ePSD: Search Help

The ePSD search is intended to be a DWIM (Do What I Mean) interface--in general you can type any kind of ePSD key term in this box and see what happens. This means citation forms, transliteration, English words, Akkadian words. You can also enter a fuzzy CFGW pair here in which the GW part does not need to be a literal GW, but can be any key word from the actual GW or meanings entries of the article, e.g., sag[good].

Two wildcards are available for fuzzier searches. The asterisk wildcard, *, matches any string and can be used to select multiple keys, e.g., ban* selects ban, ban2, ... banda... etc. It can be used anywhere in the term, and may be used more than once.

A special-purpose wildcard is provided by the percent sign, %. This matches any numbers at the end of a key; use this when you want to match all graphemes with the same basename, e.g., kici% selects kici13, kici14 etc.

Aliasing or fuzzy key matching is enabled by default for graphemic searches. In this mode, a search term selects not only the grapheme itself, but also those which the aliases table (which you can read here) considers to be equivalent; in other words the kici% search above also selects kic because the aliases table considers kic and kici to be equivalent. To suppress aliasing use double-quotes ("kic%" doesn't select the kici values).

Anchors can be used to force the text to match the beginning or end of a field. The two anchors are the same as in various regular expression languages: ^ (carat) to anchor to the start-of-line; $ (dollar) to anchor to end-of-line.

Grapheme delimiters of various kinds are provided. To find only signs joined by hyphens in the transliteration, use a hyphen, e.g., gu2-e3. To find only signs separated by a space, you must use the underline character, e.g., gu2_e3 (space characters between signs default to meaning boolean 'with' as described in the section on boolean operators). To find signs which may have either space or hyphen between them, use the tilde, gu2~e3.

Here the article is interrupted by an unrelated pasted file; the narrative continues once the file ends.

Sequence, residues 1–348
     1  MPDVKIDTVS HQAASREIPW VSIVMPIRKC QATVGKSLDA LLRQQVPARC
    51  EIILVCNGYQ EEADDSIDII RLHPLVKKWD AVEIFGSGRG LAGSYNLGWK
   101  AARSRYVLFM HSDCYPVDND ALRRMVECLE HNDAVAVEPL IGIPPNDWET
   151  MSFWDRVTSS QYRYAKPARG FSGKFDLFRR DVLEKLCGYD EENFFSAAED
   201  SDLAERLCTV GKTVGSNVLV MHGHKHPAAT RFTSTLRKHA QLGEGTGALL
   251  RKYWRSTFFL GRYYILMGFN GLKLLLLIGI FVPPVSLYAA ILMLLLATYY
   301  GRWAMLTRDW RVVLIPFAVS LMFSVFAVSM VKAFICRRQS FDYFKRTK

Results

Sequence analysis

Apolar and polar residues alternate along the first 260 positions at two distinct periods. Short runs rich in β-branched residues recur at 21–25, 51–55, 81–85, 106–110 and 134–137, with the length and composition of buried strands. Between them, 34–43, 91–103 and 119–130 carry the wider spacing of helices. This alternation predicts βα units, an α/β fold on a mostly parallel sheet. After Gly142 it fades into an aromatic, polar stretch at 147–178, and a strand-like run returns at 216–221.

Field restrictors are provided to restrict the scope of a search to parts of an ePSD article. Field restrictors consist of a field-code followed by a colon, and must be attached directly to the key. To restrict searches only to citation forms, for example, use c:ba; to restrict to transliteration, use t:ba. The field-codes are the same as the TOC Matrix codes, but are given in lower case.

Boolean operators are provided. You can search for keys that co-occur in a record, even when they are different field types. The and operator requires the right-hand term to follow the left-hand term within the same field; ab and ba selects records only when ba comes somewhere after ab. Spaces between search terms are automatically taken as and operators by the search engine, so you can often simply write, e.g., ba ab.

The with operator selects records whenever the two terms co-occur, so ab with ba selects all the records where ab and ba both occur but in any order. Because it cannot make sense to consider the order within a field when the left- and right-hand terms come from different fields, the search engine automatically converts and to with if the and-operation produces zero results and the fields of the two operands are different.

The or operator selects records containing either the left-hand or the right-hand term, e.g., e3 or e11.

Determinatives can be searched for by putting them in curly brackets as in the CDLI conventions, e.g., {gic}gu-za. The search engine is designed to find words regardless of the way determinatives occur in the indexed data: {gic}gu-za finds {gic}gu-za and gic-gu-za. In addition, determinatives are ignored when searching so that, for example, za~en finds za {d}en